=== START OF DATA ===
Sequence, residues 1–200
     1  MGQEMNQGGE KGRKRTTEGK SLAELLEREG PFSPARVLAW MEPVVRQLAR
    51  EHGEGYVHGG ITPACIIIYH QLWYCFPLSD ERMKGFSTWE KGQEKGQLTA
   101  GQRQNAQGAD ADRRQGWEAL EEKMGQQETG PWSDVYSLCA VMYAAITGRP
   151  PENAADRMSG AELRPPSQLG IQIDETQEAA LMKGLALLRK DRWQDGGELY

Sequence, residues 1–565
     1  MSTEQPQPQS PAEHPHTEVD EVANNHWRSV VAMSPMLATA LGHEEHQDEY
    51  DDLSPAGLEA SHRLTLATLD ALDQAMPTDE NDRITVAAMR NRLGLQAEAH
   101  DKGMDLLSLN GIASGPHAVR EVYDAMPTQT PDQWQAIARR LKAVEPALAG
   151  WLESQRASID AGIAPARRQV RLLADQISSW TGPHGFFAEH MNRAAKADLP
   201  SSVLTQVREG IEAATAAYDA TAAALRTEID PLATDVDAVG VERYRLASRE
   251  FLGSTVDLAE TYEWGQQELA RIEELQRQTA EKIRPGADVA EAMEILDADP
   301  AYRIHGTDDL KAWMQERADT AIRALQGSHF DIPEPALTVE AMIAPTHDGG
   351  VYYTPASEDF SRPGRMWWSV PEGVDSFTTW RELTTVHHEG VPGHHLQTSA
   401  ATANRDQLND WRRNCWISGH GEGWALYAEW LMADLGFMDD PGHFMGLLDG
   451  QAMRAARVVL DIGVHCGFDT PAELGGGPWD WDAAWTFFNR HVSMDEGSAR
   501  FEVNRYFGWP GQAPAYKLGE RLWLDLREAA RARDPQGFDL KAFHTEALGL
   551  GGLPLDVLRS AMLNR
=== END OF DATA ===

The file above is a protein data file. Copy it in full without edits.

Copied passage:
Sequence, residues 1–200
     1  MGQEMNQGGE KGRKRTTEGK SLAELLEREG PFSPARVLAW MEPVVRQLAR
    51  EHGEGYVHGG ITPACIIIYH QLWYCFPLSD ERMKGFSTWE KGQEKGQLTA
   101  GQRQNAQGAD ADRRQGWEAL EEKMGQQETG PWSDVYSLCA VMYAAITGRP
   151  PENAADRMSG AELRPPSQLG IQIDETQEAA LMKGLALLRK DRWQDGGELY

Sequence, residues 1–565
     1  MSTEQPQPQS PAEHPHTEVD EVANNHWRSV VAMSPMLATA LGHEEHQDEY
    51  DDLSPAGLEA SHRLTLATLD ALDQAMPTDE NDRITVAAMR NRLGLQAEAH
   101  DKGMDLLSLN GIASGPHAVR EVYDAMPTQT PDQWQAIARR LKAVEPALAG
   151  WLESQRASID AGIAPARRQV RLLADQISSW TGPHGFFAEH MNRAAKADLP
   201  SSVLTQVREG IEAATAAYDA TAAALRTEID PLATDVDAVG VERYRLASRE
   251  FLGSTVDLAE TYEWGQQELA RIEELQRQTA EKIRPGADVA EAMEILDADP
   301  AYRIHGTDDL KAWMQERADT AIRALQGSHF DIPEPALTVE AMIAPTHDGG
   351  VYYTPASEDF SRPGRMWWSV PEGVDSFTTW RELTTVHHEG VPGHHLQTSA
   401  ATANRDQLND WRRNCWISGH GEGWALYAEW LMADLGFMDD PGHFMGLLDG
   451  QAMRAARVVL DIGVHCGFDT PAELGGGPWD WDAAWTFFNR HVSMDEGSAR
   501  FEVNRYFGWP GQAPAYKLGE RLWLDLREAA RARDPQGFDL KAFHTEALGL
   551  GGLPLDVLRS AMLNR